With the probable exception of Buddhism, (and maybe Indigenous Dreamtime beliefs and Native American beliefs are similarly constructed, but I don’t know enough about them), any other major religion if taken to its logical endpoint, ends up in tyranny and totalitarianism. They have to, if people are serious.

The evidence of that is everywhere.. .Of course, Christianity has been construed thus, also and currently is, by many Christians, worldwide. But a careful and honest reading of the spiritual life as advocated by Jesus cannot ever justify that.

Unfortunately, mostly, the Christian faith ends up looking like any other faith, religion, club or sport, with the rules set up and the aim being to defeat the opponents. Jesus would spin in his grave, if he were there.

Tuesday, September 20, 2005

Jobs at UN in Afghanistan

Anyone want to work with the UN

...As you know, the UNAMA mission is always eager to find good Political Affairs Officers. Please circulate this information among friends you know that would have the skills needed and the interest of joining our mission. As the end of the year approaches and many colleagues begin to think about next steps, it is important that we keep our field offices well staffed.

If you know of any interested candidates, please hvae them apply online to Galaxy.

So anyone interested, the link to Galaxy is at the right (UN jobs). also let me know so I can alert Personnel.

Monday, September 19, 2005

A bad photo of the cover... Posted by Picasa

From Under a Leaky Roof. Bestseller!

From Under a Leaky Roof...
Afghan Refugees in Australia
Phil Sparrow
PUBLICATION DATE: December ISBN: 1 92106 436 6 RRP: $24.95 GENRE: History/Cultural Studies From Under a Leaky Roof … traces the journey of many of the Afghan refugees currently in Australia — from discrimination and persecution under the Soviet, Mujahideen and Taliban regimes to the incarceration, and discrimination they now experience in Australia. Philip Sparrow, a UN aid-worker, suggests more durable and humane approaches which should be adopted for those who have been forced from their homes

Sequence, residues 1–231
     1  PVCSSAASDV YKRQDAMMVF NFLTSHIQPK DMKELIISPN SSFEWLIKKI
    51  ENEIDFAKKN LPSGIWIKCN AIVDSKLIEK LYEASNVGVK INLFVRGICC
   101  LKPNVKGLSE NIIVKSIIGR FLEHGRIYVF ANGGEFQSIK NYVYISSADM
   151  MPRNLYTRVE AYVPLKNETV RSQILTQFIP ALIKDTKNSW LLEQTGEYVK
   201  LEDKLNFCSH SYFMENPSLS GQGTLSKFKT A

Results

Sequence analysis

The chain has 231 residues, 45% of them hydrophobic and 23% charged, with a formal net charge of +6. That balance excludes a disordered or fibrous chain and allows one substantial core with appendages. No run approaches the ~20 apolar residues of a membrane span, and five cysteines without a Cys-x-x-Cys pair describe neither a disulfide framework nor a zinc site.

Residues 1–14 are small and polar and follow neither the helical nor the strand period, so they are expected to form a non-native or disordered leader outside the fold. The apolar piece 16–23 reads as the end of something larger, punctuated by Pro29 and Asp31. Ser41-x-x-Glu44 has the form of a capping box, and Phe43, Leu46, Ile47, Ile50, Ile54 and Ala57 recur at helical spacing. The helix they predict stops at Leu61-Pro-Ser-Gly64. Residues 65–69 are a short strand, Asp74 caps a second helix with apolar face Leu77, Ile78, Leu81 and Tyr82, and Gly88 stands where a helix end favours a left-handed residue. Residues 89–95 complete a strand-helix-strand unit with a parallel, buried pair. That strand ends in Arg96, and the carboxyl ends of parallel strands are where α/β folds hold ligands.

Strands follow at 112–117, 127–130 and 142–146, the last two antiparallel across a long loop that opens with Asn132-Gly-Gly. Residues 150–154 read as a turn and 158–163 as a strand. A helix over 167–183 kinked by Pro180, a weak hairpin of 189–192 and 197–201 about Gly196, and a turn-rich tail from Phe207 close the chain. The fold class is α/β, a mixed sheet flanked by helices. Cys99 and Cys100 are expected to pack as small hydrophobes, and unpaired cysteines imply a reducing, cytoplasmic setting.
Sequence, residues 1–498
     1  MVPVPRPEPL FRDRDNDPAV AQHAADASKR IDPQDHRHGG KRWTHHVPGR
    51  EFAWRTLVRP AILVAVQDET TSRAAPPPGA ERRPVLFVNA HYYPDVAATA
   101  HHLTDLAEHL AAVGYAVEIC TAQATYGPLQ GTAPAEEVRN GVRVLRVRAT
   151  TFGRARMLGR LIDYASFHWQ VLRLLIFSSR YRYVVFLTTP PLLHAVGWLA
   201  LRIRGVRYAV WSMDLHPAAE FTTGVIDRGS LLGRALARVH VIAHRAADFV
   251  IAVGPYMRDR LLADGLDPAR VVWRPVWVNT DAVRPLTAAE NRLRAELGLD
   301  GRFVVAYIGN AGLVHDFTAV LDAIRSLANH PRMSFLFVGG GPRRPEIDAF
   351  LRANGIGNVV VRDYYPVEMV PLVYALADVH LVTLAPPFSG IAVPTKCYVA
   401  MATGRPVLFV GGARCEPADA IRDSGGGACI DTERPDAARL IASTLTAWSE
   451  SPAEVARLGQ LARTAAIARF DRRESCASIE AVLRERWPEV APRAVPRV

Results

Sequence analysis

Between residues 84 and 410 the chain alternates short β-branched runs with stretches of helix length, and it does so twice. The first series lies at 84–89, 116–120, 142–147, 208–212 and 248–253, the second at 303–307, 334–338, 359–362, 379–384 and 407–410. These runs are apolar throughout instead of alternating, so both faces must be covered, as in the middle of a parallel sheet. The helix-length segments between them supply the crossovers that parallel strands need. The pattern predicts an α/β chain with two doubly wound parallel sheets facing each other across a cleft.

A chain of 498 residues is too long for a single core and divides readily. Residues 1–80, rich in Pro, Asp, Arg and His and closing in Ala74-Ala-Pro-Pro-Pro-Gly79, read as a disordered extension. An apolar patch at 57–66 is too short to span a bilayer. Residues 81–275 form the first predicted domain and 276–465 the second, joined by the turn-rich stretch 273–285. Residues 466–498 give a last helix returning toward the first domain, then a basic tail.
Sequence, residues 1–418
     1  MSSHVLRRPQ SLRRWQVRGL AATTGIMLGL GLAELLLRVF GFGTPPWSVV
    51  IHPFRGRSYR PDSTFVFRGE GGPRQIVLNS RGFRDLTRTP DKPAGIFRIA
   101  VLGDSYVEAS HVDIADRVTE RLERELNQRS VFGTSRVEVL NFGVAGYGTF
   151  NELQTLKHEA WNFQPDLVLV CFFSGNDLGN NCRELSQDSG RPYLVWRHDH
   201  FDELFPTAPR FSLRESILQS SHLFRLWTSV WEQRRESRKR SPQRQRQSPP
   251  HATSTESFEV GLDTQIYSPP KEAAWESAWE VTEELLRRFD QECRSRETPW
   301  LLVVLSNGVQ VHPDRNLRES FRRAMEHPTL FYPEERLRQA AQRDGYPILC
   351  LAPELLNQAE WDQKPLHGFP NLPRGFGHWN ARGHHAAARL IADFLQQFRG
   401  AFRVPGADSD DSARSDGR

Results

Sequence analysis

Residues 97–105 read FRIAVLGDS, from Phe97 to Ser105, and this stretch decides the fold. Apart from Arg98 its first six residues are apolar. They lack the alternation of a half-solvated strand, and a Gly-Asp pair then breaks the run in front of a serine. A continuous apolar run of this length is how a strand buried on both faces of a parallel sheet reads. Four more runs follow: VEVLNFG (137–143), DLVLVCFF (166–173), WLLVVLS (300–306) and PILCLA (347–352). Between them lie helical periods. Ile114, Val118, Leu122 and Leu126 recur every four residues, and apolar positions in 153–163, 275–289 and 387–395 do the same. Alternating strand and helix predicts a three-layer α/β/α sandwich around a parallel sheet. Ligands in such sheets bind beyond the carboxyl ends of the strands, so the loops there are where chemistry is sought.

So, here it is. My first book (if you don’t count “The night the robbers came”, written age 7: a great story about some robbers ripping off presents. Saint Nick foils them. Publishers pls contact me for rights).

Az zer-e chakah gorekt wa zer-e baran neshast - he ran out from under the leaky roof and found himself in the rain. It's an Afghan proverb, and an apt title for the book, which is out on December 1.

In the words of reviewers ‘…a fluent, moving story… a tribute to humanity, and a condemnation of the mean-heartedness of the Howard government… beautifully written, powerful and provocative… more wine please…what? No, I haven’t read it…Ahhh. Right, yes, that book…’.

Cautious re-entry into blogville

I had a blog, then I didn't anymore. My broad and extensive readership of 3 people were devasted. The reason was mainly I suddenly got uncomfortable about all this information about me being out there, being a shy and reclusive type. So expect this newlook blog to keep you guessing.
To bring you up to date: I am now in Maimana, a smaller version of Mazar, about 9 hours west, across Dasht e Laili (the Desert of Laili). It is a horrific road. Don't try it. I have seen plenty of bad roads, and this was a baddie. I had two drivers on the journey: Rasoul and Nasim. Nasim drove like a fool, but Rasoul was a madman.
I'm still with the UN here. Keep asking myself how it is that I am still in this country. Must have been really bad in a previous life.